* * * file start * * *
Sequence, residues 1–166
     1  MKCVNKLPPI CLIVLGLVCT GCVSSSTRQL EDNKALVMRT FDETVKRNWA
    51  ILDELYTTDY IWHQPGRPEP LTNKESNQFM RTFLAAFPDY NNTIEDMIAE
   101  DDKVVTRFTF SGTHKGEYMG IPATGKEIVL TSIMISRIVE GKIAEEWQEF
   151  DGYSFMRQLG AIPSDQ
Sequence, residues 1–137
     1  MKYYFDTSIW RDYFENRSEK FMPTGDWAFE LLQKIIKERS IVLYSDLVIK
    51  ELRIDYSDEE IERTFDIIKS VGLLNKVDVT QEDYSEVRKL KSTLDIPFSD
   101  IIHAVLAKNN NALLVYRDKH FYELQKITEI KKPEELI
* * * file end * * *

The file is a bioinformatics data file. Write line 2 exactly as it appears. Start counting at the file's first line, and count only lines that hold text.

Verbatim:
     1  MKCVNKLPPI CLIVLGLVCT GCVSSSTRQL EDNKALVMRT FDETVKRNWA